We Can Almost See it From Here

PHOTO BY THE EUROPEAN SPACE AGENCY. Oddest shaped “little planet” ever seen, comet 67P/Churyumaov-Gerasimenko.
Oddest shaped “little planet” ever seen, comet 67P/Churyumaov-Gerasimenko.

Contributing Writer
Walt Pickut
Board of Directors, MMMAA

Once again, the science of astronomy and a pioneering spacecraft have delivered a big surprise from far out in deep space.
Ten years ago the European Space Agency launched a spacecraft named Rosetta on a long chase trajectory that would take it a billion kilometers from home, stalking a comet with the improbable name of 67P/Churyumov-Gerasimenko. The plan was tricky: Catch up to it. Take its picture. Release a small robot called Philae to land on it and figure out what it is made of.
Rosetta finally reached its target this month, far out near the planet Jupiter, woke from its long, programmed 10-year sleep, and saw something nobody had imagined. Apparently, two comets had long ago, in the age when the solar system itself was just forming, more than 4 billion years ago, and merged into one big, 2-lobed rubble pile no more than a few miles across.
It is now considered by astronomers as one of the most exciting space missions of the 21st century. Rosetta will now follow its new companion as it begins its long looping fall toward the sun and begins to glow and form a comet’s tail of vaporizing gas and dust. Stay tuned for more surprises!
Observers at the Marshal Martz Observatory have seen many wonders in space, but this little comet clump is even beyond the Martz telescope’s powerful eyes to image. It would appear as only a tiny, bright speck against the blackness of space.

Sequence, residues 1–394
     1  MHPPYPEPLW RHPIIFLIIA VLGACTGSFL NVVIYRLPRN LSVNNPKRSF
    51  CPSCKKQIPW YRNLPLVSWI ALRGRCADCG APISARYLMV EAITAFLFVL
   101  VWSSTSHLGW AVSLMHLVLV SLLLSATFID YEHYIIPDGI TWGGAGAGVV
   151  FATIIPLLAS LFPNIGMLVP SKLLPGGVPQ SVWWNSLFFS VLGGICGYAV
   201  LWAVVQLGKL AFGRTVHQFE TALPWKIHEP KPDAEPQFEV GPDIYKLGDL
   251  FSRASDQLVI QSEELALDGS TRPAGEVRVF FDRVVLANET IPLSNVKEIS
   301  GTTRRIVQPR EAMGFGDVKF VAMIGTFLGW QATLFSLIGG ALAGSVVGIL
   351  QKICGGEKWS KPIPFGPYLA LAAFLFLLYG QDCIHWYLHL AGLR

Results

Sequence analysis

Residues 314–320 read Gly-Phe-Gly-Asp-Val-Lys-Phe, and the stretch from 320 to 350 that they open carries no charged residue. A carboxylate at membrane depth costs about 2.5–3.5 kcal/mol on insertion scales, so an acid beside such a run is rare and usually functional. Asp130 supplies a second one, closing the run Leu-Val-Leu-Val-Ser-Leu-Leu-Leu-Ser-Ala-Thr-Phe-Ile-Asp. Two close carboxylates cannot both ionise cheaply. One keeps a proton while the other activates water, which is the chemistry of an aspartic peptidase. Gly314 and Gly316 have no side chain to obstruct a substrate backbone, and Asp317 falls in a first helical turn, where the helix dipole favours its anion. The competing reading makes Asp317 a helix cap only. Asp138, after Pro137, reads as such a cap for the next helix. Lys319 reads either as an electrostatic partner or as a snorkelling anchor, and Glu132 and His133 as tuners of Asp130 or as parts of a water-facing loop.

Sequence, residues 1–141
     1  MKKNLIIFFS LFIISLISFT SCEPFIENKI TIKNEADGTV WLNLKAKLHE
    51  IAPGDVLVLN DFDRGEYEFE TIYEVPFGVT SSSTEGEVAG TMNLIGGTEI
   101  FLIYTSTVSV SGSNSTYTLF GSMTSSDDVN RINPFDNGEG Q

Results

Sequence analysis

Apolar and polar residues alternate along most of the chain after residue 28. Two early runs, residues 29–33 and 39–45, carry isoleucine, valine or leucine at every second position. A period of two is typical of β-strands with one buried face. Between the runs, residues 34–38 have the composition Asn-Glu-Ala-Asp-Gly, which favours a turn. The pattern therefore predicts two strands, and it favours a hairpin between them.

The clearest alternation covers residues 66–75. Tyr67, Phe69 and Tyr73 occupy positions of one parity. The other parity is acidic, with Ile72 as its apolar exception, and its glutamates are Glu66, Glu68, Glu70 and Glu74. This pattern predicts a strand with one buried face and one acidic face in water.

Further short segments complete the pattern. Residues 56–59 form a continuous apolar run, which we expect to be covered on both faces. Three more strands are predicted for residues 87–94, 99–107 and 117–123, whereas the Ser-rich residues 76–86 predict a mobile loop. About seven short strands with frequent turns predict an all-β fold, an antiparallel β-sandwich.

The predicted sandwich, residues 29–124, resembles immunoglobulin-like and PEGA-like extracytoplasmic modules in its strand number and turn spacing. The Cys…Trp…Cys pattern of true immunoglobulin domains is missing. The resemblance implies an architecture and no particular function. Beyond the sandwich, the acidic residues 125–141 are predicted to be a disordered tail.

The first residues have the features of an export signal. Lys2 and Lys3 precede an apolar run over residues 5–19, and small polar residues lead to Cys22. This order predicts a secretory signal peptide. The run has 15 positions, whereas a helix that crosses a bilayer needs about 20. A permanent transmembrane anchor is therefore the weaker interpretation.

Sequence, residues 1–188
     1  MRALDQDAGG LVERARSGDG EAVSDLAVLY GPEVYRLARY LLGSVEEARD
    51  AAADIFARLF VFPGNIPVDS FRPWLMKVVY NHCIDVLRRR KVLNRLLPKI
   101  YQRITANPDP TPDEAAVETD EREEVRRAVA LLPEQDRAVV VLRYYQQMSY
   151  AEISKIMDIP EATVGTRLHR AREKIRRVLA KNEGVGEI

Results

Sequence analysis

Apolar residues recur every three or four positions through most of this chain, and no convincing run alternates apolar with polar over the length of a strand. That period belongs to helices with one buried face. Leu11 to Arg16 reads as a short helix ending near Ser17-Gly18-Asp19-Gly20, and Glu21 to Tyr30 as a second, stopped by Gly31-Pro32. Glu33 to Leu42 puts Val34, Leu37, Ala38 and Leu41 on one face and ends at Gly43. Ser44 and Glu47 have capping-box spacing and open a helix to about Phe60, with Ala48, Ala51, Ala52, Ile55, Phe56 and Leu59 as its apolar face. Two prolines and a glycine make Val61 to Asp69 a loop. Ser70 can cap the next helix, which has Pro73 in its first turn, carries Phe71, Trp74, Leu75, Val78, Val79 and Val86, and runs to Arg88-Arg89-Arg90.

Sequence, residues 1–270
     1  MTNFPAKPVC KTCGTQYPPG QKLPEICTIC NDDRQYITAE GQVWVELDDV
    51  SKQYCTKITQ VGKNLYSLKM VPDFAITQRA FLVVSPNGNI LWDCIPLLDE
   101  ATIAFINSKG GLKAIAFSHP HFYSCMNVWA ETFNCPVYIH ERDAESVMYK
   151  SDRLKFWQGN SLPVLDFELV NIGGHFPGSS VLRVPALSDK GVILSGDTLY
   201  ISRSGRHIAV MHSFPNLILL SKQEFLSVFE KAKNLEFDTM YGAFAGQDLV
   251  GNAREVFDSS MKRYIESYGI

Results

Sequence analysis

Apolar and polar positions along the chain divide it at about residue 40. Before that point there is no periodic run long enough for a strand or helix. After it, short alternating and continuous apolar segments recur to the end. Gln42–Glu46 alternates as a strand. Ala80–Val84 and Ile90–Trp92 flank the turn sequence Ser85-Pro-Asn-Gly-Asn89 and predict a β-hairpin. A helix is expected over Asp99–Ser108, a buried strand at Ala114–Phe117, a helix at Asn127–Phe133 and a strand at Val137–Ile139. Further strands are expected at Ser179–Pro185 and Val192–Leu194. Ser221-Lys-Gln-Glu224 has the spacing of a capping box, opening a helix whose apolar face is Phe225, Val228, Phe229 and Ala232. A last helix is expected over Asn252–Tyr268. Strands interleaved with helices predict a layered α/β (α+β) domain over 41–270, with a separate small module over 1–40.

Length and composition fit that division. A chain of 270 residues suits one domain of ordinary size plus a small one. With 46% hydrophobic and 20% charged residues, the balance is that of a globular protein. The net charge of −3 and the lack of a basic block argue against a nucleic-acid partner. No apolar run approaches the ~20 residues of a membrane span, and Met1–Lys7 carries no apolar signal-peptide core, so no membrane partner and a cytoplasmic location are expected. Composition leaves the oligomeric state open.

But the Martz Observatory is involved anyway, if only in an indirect, but very important way. Martz is beginning an expansion program which is poised to help train Chautauqua County’s young men and women as tomorrow’s science teachers, space scientists, astrophysicists and astronauts. The Martz telescopes can now be accessed, programmed and controlled robotically, remotely, by students in local classrooms who can design and conduct their own original space research with the Martz telescopes.
This is being made possible largely through the generous financial support of important community foundations and industries and individual citizens who have so far contributed more than $100,000 for the expansion of the observatory facilities and buildings. The Marshal Martz Memorial Astronomical Association, Martz Observatory, is a 501 (c) (3) corporation providing for fully tax deductible contributions.
Parents, teachers and interested citizens are invited to log on to www.martzobservatory.org/, visit the observatory, become a member of this pioneering organization and find out what is still needed and how you can contribute to the current capital campaign to complete the installation of a recently donated major research grade telescope and building.
News from the Marshal Martz Observatory and the universe beyond our skies is brought to our readers every month by Hall & Laury Optical at 707 Fairmount Ave Ste 10 Jamestown NY, the quality local source for the latest in fashion and highest of quality in glasses and optical aids of every kind, including repairs.

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Walt Pickut
Walt Pickut’s writing career began with publishing medical research in1971 while working at the Jersey City Medical Center and the NYU Hospital and School of Medicine. Walt holds board registries in respiratory care and sleep technology as well as bachelor's degrees in biology and communication, and a master's degrees in physiology from Fairleigh-Dickinson University in New Jersey, with additional graduate work in mass communication completed at SUNY Amherst. He currently teaches Presentational Speaking in the Houghton College PACE program at JCC and holds memberships in the Society of Professional Journalists and the American Society of Business Publication Editors. He lives in Jamestown with his wife Nancy, an MSW social worker, and has three children: Dr. Cait Lamberton in Pittsburgh, Bill Pickut, a marketing executive in Chicago, and Rev. Matt Pickut in Plymouth, IN.